Monday, February 1, 2016


Motivation as a Teaching and Behavior Management Tool

Children with special needs may not be as motivated to work as other children are. A solid behavior management program builds motivation by rewarding desired behaviors with reinforcement (edibles, toys, time to play, preferred activities, sensory stimulation, etc.). 

We can’t teach if we can’t motivate”.

The student is given rewards only for desired behaviors in response to those stimuli so that eventually he comes to understand that certain stimuli are probably more deserving of his attention than others.
This way, the instructor achieves instructional control when student’s responses to his/her instructions produce reinforcement more often than responses in the absence of the instruction.
        Instructional control plays a fundamental role in education and behavior management.
        Instructional control is achieved by reinforcing the desired responses.

Reinforcement, a simple behavior-consequence principle, is the fundamental building tool for teaching behaviors. The teacher or parent is in control when she pairs herself with reinforcement.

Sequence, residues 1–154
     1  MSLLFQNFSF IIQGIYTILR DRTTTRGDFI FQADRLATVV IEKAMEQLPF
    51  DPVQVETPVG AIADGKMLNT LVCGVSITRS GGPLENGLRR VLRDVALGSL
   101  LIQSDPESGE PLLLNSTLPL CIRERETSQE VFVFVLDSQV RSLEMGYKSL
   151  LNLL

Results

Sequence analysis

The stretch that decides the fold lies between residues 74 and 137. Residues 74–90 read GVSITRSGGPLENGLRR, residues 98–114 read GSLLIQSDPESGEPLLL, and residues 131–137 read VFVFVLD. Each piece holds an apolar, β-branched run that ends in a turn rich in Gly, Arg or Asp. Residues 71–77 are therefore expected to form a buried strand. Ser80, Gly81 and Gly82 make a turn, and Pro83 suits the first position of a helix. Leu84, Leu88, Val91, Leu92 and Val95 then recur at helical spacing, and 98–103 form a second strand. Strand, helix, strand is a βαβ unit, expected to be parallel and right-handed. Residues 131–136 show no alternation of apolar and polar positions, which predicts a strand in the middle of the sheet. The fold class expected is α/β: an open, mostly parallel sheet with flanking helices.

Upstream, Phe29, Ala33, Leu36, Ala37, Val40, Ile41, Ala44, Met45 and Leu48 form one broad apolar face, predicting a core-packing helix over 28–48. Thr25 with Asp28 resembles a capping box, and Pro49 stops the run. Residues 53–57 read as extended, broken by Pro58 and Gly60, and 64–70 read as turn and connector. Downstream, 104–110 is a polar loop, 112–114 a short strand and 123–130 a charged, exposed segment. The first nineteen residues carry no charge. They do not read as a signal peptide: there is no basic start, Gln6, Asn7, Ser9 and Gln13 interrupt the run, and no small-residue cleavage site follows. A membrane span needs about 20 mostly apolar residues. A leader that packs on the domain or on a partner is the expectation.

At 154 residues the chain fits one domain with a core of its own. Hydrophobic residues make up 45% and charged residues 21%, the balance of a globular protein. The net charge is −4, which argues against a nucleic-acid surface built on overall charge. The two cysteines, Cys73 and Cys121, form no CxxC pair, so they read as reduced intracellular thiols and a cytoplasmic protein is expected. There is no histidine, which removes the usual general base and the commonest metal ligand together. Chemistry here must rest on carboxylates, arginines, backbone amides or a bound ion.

Guidelines for delivering reinforcement
-        Delivery of reinforcement should be paired with praise, eye contact, high fives, hugs, brief games. Some kids with autism do not yet find many of these things very reinforcing. It is our job to teach them to enjoy these things as much as possible.
-        The reinforcer (prize, reward) should be exclusive for the target behavior.  If the child has free access to computer, for example, he doesn’t need to emit the desired response to get it.
-        Needless to say, reinforcement must be motivating to the child. If she doesn’t care when you praise her, praise is not reinforcing.
-        Reinforcement must be delivered consistently; and therefore, the criteria for the response need to be planned out in detail, understood, and used consistently by everyone involved in the child's program.
-        Reinforcers vary and by definition are considered reinforcing only if they increase the likelihood of the response in the future. In other words, reinforcers must be reinforcing to the individual and thus varies from individual to individual.

Catch them being good. If you wait until the child misbehaves to provide attention or play with her you are reinforcing the bad behavior.

Remember, you change the child’s behavior by changing the behaviors of the adults that interact with that child. Pure and simple, right?

Daniel Adatto, BCBA

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